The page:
Concerned about the turning autumn weather the client was looking for temporary weather solution to enable them to secure the building and maintain their programme of works for the internal fit out of the new 15 storey office building in a prominent city centre location.
Base have previously installed temporary weatherproof screening on several large and prestigious construction projects to provide rain and wind protection for construction teams, enabling them to continue to work uninterrupted where building exterior is yet to be completed.
Tensile fabric screens can be installed quickly with minimal disruption to other site works. They are extremely adaptable and can be tailored to suit the access requirements. Base can also offer the option to have either vertical or horizontal webbing strap attachments, customising the screens to suit the interfacing options available within the space.
To provide a series of tensile fabric weather screens around the entire building perimeter, covering from the ground up to the 2nd floor. This would be an engineered solution allowing the client to assess the loads applied to the structure and have peace of mind that the screens are both weatherproof and also meet the sites prescribed wind loading.
The PVC flame retardant (B-S2-D0) fabric screens were proposed to be manufactured with horizontal welded webbing straps & ratchets at 1m centres providing attachments to tension the screens to the steel columns of the building, and the seams to be hot air welded to ensure completely watertight.
The entire project consisted of 44# screens with a total fabric area of 1800m2. The largest of the screens were 11m high by 8m wide. Some were split in two to provide a removable lower section allowing access when needed. Others were specifically adapted to fit around the personnel and goods hoists.
The screens each have a ground level weather flap that is timber battened to the existing concrete slab using 100mm frame fixings. Where screens abut with one another, they have vertical screen to screen weather flaps that were hot air welded together to form a weather tight seal.
Where fabric screens could not be tensioned laterally to columns, the design was adapted to tension vertically between the steel beams above and the concrete slab below. This was accomplished by utilising a pole and pocket detail top and bottom, with a steel plate bracket fixed to beam with lindaptors and eyebolts resin anchored to the concrete slab.
All panels are engineered to withstand the relevant British Standard wind loadings.
Fabric panel installation can become hazardous in wind speeds exceeding 10mph, be they steady or gusting. Weather conditions for the installation must be carefully considered during install planning and discussed fully with the client to understand any impact to programme.
There were several areas on the project where the existing columns were not able to be used to support the webbing strap screen fixings and alternative attachment methods had to be devised with the client.
Screens adjacent to bays that accommodated the hoists had to be adapted to fit around the hoist support scaffolding. In these locations, the screens had cut-outs to stop short of the hoist and their webbing tails were extended to fit through the hoist supports.
The clients project team were incredibly happy with the performance of the screens and the versatility offered by our solution which enabled them to adapt and match their fast-moving programme. Multiplex also found that Base Structures’ screening solutions were the most cost effective compared with alternative products they had reviewed and implemented on their other UK sites. Base’s screens also proved to be more versatile and offered more flexibility when considering site conditions and access requirements.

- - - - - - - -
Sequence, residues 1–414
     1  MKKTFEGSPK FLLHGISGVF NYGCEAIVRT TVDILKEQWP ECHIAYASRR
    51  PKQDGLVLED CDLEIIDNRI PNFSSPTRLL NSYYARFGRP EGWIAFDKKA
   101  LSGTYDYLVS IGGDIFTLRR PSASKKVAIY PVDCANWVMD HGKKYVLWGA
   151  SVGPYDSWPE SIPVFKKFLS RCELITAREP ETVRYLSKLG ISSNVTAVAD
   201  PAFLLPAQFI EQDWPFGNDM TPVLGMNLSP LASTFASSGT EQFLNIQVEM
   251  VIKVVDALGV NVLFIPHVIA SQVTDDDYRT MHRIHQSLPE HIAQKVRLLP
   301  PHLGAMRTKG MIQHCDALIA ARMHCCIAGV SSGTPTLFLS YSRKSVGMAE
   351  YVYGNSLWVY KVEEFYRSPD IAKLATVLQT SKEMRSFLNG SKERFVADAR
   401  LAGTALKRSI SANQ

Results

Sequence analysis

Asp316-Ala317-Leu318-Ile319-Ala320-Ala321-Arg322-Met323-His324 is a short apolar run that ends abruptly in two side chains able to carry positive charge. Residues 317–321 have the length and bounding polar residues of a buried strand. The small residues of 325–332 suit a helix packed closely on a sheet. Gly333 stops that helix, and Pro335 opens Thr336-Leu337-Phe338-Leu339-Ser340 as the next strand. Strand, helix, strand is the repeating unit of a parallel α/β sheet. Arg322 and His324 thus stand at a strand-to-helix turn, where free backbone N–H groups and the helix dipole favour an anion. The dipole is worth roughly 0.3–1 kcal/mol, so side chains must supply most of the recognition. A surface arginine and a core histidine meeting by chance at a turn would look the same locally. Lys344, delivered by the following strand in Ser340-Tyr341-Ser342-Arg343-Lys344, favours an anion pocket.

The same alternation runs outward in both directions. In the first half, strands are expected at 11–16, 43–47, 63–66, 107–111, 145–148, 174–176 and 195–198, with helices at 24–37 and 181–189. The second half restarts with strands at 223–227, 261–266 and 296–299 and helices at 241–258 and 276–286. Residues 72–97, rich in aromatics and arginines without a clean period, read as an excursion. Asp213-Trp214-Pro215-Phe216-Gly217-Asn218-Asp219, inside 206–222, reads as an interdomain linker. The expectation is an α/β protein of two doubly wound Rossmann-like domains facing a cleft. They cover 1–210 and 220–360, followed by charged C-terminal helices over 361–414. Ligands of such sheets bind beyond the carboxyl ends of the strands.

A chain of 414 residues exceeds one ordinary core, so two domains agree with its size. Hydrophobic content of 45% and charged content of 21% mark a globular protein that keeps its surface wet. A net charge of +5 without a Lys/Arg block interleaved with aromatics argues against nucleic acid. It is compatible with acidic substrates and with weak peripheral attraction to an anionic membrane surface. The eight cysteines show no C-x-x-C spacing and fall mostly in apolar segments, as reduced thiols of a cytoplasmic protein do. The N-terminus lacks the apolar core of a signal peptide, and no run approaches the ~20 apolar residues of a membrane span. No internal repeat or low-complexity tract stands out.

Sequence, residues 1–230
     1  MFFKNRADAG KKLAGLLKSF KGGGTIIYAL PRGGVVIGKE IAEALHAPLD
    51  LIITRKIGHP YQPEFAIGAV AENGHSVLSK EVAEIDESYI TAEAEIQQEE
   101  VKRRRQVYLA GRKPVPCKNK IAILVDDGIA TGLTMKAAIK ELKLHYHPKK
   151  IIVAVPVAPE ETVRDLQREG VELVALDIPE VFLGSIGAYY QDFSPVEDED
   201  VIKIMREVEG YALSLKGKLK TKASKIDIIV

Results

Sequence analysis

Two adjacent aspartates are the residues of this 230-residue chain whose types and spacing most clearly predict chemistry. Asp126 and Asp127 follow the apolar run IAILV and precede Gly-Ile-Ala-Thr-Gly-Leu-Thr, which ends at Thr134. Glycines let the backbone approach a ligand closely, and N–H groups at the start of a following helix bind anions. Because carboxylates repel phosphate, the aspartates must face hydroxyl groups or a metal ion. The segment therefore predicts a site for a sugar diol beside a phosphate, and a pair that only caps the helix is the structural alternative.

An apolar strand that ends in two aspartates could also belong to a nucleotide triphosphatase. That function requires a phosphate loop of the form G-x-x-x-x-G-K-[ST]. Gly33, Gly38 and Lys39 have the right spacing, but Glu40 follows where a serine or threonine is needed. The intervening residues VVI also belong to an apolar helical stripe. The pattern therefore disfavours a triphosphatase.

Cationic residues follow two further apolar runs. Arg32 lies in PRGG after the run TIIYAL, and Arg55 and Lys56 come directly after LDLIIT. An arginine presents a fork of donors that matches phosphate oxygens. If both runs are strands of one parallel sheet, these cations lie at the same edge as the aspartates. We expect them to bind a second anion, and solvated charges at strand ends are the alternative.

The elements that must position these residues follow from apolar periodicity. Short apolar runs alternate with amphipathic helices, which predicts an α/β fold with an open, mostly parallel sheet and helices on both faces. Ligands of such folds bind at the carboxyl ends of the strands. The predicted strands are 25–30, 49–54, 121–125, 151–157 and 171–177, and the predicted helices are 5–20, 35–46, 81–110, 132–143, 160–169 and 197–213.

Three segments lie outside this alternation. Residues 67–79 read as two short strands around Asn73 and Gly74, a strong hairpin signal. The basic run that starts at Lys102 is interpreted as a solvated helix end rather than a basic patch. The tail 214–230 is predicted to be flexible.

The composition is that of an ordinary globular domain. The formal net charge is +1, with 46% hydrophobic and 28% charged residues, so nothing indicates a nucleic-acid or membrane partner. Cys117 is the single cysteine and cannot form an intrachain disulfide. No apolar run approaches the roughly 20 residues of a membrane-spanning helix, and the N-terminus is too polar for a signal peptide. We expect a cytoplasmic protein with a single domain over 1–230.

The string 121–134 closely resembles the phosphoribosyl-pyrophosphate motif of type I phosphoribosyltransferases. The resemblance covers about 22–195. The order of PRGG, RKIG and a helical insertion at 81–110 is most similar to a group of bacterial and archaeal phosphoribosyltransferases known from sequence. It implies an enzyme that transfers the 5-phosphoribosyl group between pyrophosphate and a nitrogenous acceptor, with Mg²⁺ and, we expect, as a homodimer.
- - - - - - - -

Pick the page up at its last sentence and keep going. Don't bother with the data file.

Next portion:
“Base have been excellent throughout the full process, from tender to installation. We have used a temporary weathering solution which is a great design and works perfectly. The installation team have maintained an extremely high standard of quality and safety and delivered the install ahead of the anticipated programme. I would highly recommend Base to any contractor looking for a temporary weathering solution. Well done to all.” The Client.
Once the client have completed their internal fit out works and ready to move onto the exterior and no longer require the screens, Base will remove them. Our screens are very quick to demount and, as with the installation, the operation causes minimal disruption to other site works.
From there Base will review the future of the screens as to their suitability for re-use, initially discussing with the client about any possible uses and if not look at our fabric industry and event industry networks to find a re-use. We have a zero to landfill policy and are committed to the upcycling and re-use of tensile fabric that has not yet reached the end of its life.
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The project brief was to supply a tensile roof structure and fabric walling which could incorporate doors and see through panels to form this large temporary building in Miami, Florida.
Using fabric for the roof and walls provided diffused lighting and a soft ambience to create the desired environment in which the client could hold a Victoria’s Secret fashion show. The fabric panels proved to be a great architectural solution, catering for all the client’s needs in a short time frame.
The Royal International Pavilion at Llangollen was originally built in 1992 as a combined sports facility and auditorium to host the famous International Eisteddfod. The fabric had become tired and worn over time, and a gradual change in the type of end use left Denbighshire Council looking to both renew the fabric and improve the weathering properties of the auditorium. A temporary summertime extension, which is used for the Eisteddfod and other events also required renewal.
Removing the existing fabric was a carefully staged operation, planned to maintain the structural stability of the building during the process. As the original design information was somewhat sketchy and in some cases lost in the mists of time, Base Structures were required to carry out a full 3D survey of the fabric contact points and use this information to re-model the form, both on the main auditorium and the extension canopies. The new membranes were then assembled in our Bristol factory, and transported to site and installed with great care in a complex lifting operation.